That's when Ballinger saw John's video. "It was like God did a certain thing," he said.
The video was shown during services at the Summit Church in October 2007. At the end, a pastor explained how the weekend's collection would be donated to Help the Least of These to build the orphanage and give John Halgrim his wish. More than $13,000 was collected that first weekend.
That was just the beginning. As word spread and more people found out about John's wish, they gave more money. Plans for a larger orphanage were put to paper, a project costing around $90,000. Sixty children would eventually live there.
John never got to see the video. By the time it was shown at church that fall, the tumor was stealing his ability to function. He could hardly talk or see .
But soon afterward, the boy's grandmother, Jackie Streit, sat down and held in front of him an artist's rendering of the front of a building.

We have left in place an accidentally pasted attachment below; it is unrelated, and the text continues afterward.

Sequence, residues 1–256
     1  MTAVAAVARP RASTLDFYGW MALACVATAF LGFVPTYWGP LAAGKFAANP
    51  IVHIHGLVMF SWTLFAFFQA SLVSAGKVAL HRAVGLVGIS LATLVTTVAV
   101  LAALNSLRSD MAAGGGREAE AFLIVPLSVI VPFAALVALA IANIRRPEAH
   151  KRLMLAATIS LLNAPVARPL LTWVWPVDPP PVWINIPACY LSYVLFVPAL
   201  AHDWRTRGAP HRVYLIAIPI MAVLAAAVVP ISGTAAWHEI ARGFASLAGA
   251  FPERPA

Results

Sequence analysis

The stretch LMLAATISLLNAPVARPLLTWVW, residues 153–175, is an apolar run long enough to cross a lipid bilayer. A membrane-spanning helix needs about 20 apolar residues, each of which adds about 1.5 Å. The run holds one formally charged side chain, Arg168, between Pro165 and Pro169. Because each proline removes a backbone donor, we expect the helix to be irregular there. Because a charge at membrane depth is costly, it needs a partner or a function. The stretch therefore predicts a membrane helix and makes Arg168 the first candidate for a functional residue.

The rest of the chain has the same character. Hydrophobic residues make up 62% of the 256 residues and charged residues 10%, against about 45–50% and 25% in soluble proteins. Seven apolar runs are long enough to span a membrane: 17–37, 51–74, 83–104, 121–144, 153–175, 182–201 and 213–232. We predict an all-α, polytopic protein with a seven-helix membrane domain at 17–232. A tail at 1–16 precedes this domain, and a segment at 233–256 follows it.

Across the top of the drawing was the name of the building: The John E. Halgrim Orphanage.
John smiled. He lifted an arm and gave them all a thumbs-up.
A few weeks later, surrounded by his family at a Fort Myers hospital, John died.
At his funeral, Cabrera spoke and showed the video again as a tribute to the boy and his wish. Mourners donated another $15,000 for John's orphanage.
Joanie had promised her son that she would be the shepherd of his wish.
That's why she and her mother went to Nairobi with other volunteers last month to help move the kids in.
At a ceremony to dedicate the building a few days after they arrived, Joanie sat in a plastic lawn chair in the front row, cradling a small boy in her arms. She listened to people talk about John and his wish.
Then it was her turn to take the microphone, and she read from his journal: